I cannot wait to hear Jeanna’s story – I have to say, it is one of my favorites! Are there any specific titles or authors who would be an automatic YES if they asked you to produce their audiobook?

Oh now that is a mean question as I am bound to leave someone out! Well, all the authors mentioned above, of course, and many others. Anyone’s books I have read before and enjoyed (which is most I have read as I am quite easy to please and open to the most bizarre variations, so long as they are well written!) I would be happy to narrate. I have to say, the more upbeat and funny ones would be a preference as those sort of scenes I enjoyed narrating the most in yours. While I don’t mind doing the more emotional scenes, it is harder to portray the emotion of a scene through just the voice. What might make me hesitate would be if the story contained any more steamy scenes. I am not overly fond of reading such scenes myself and so I feel narrating them would be …. difficult and embarrassing!

A few books in particular which spring to mind that I would like to narrate would be any of KaraLynne Mackrory’s books, particularly Haunting Mr Darcy which I think has to be one of my, if not *the*, favourite variation I have read so far. It was so unique and different and I think it would be really fun to narrate. Also Kara Louise’s books I really enjoyed reading, again because they are very unique variations. Mr Darcy Came to Dinner by Jack Caldwell is just hilarious and would be good fun, if I could stop myself laughing that is! Rose Fairbanks has some fun novellas and stories which I would enjoy narrating I think. A Noteworthy Courtship by Laura Sanchez is a favourite, and also The Houseguest by Elizabeth Adams. Amanda Grange’s diary series would be fun as well I think. Also, I have to say I love the books from Julianne Donaldson, Edenbrooke in particular. It isn’t JAFF but a brilliant regency romance. I love the story, and again, it is a lot of fun, and also it is written in the first person which would be a different narrating experience. (I don’t see this ever happening as she is far too successful an author to turn to the likes of me, and I think she has already done audio versions anyway!) I am also hoping to be able to record my own versions of Jane Austen’s own stories before too long.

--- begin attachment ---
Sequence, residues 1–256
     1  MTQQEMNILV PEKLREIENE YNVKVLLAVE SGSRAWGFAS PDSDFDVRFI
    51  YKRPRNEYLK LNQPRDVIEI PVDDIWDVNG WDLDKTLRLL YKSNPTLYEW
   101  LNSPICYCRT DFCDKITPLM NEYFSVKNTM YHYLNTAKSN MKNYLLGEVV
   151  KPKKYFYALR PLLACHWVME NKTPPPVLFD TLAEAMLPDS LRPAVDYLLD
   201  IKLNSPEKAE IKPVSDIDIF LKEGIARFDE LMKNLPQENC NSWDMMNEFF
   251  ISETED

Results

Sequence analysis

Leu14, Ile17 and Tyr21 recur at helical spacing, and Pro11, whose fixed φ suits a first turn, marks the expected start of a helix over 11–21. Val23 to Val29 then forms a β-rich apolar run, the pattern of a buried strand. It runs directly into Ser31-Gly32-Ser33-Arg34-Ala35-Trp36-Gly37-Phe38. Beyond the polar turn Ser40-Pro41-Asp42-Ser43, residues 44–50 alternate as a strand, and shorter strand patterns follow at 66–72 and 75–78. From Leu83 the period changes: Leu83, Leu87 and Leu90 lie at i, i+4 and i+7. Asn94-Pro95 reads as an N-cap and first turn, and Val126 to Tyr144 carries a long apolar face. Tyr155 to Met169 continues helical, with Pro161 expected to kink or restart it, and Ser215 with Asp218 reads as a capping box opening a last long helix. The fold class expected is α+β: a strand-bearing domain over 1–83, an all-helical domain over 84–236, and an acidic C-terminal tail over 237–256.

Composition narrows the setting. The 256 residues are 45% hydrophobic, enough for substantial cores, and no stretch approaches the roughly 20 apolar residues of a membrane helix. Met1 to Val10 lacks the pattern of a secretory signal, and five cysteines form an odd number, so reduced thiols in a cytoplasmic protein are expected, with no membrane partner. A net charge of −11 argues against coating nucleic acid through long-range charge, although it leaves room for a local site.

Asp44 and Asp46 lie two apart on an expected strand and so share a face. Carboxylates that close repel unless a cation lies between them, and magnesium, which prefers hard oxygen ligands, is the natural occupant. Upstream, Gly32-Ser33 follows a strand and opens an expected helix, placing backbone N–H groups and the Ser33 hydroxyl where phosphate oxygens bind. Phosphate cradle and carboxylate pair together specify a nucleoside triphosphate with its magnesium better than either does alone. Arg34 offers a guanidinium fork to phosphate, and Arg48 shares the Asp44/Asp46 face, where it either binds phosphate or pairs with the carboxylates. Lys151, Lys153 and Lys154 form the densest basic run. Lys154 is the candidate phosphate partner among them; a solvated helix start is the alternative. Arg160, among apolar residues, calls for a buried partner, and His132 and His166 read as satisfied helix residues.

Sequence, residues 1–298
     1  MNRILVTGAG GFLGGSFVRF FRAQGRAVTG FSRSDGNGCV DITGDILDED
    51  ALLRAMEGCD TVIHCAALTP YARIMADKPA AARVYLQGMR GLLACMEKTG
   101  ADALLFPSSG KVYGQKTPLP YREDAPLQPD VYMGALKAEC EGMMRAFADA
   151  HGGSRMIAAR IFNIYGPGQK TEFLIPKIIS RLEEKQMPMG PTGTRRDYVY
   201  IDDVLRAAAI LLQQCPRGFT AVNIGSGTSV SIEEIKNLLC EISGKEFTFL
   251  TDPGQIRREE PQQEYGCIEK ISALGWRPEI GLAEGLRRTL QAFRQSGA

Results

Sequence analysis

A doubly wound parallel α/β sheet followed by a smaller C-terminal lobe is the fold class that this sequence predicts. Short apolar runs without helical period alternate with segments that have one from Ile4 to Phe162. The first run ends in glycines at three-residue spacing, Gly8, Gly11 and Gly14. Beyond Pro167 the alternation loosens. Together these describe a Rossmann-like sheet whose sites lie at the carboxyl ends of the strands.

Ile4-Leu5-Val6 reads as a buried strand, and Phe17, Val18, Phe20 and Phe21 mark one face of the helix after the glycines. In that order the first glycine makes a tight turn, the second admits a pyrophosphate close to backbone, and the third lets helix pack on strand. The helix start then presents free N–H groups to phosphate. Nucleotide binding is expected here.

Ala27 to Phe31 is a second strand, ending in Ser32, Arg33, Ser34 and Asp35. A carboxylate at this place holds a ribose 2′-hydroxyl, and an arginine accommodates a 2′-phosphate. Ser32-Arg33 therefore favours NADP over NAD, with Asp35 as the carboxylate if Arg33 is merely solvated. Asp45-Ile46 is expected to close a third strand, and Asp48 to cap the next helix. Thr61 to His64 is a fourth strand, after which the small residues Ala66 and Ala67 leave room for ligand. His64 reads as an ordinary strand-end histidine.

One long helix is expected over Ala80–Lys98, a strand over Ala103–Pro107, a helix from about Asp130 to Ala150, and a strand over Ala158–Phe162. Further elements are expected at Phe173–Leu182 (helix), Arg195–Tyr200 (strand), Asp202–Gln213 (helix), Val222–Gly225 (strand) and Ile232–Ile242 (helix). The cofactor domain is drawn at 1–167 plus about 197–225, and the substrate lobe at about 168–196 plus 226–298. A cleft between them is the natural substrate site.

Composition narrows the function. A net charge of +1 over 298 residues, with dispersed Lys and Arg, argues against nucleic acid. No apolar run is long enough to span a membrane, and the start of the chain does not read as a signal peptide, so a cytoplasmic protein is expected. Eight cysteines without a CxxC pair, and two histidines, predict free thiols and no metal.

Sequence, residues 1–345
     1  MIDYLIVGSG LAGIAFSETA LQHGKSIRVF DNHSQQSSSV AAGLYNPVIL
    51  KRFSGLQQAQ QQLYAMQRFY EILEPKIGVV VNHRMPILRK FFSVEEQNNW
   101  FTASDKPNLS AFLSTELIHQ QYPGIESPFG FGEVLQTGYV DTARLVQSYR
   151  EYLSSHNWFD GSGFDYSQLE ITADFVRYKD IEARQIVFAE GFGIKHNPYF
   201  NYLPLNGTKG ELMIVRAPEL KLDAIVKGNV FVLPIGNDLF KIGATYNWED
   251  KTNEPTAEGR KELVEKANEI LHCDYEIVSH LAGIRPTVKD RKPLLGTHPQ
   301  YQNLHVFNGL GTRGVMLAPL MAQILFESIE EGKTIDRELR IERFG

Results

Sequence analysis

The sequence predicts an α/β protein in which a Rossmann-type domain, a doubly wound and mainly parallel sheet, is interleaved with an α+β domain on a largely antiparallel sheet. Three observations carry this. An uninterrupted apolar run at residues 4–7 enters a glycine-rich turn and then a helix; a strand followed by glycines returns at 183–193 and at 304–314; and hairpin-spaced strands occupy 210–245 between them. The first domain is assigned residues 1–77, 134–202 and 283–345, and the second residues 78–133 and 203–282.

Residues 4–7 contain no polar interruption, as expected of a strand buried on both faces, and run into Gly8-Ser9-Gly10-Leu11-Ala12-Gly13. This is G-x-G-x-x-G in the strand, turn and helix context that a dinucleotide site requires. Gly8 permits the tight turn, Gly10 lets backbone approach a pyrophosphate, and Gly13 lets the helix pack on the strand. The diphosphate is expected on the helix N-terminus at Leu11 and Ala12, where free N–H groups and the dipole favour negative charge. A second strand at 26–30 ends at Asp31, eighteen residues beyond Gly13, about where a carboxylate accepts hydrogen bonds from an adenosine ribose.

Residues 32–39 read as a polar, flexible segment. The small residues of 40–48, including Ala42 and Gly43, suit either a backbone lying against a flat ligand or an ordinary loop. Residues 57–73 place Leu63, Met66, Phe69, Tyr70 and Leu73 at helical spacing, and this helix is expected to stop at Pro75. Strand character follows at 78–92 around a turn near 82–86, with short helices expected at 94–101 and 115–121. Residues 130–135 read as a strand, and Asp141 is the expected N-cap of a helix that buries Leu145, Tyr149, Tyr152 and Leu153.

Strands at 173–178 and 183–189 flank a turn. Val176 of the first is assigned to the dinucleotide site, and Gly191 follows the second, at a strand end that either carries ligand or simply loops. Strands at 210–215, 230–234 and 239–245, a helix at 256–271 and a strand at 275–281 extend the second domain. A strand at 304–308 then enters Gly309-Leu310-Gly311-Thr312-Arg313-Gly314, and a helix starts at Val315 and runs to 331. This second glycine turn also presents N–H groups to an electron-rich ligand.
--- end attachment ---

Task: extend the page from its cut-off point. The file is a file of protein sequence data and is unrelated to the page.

Oh how fun! Do you plan on sticking only with JAFF stories, or will you expand to other genres?

Oh no I am open to genres other than JAFF. I would like to stick to historical books as that is what I enjoy reading myself, and I don’t think I would be able to narrate a book I didn’t want to read at all well. I don’t particularly enjoy reading modern day books, so while the offers for historical romances and JAFF are coming in I will stick with those thank you!

LOL I think we can keep you occupied with JAFF stories for a while. And now for my final question before we get to the reader questions. What was your favoritepart about doing this first project? 

I think it has to be discovering a completely new talent (so people tell me anyway!) I didn’t know I had for story telling! Also, while it has been stressful, just learning about something so completely new and different has been fascinating. I was a complete novice in the world of audiobooks, narration, recording and editing when I started this. I did rather jump in at the deep end, being completely clueless, and I am just about still swimming so that must be a good sign! It has been a real learning curve, and it has been great proving to myself that I can do something I never imaged I would be able to do!